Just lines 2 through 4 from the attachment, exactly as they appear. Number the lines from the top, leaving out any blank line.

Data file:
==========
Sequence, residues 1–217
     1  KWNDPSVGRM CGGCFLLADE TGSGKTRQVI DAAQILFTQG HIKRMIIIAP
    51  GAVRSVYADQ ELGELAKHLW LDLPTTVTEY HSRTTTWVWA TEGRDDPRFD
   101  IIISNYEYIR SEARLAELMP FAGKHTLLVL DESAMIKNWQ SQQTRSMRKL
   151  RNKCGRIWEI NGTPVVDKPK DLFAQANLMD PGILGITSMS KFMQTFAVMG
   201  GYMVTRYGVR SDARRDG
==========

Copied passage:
     1  KWNDPSVGRM CGGCFLLADE TGSGKTRQVI DAAQILFTQG HIKRMIIIAP
    51  GAVRSVYADQ ELGELAKHLW LDLPTTVTEY HSRTTTWVWA TEGRDDPRFD
   101  IIISNYEYIR SEARLAELMP FAGKHTLLVL DESAMIKNWQ SQQTRSMRKL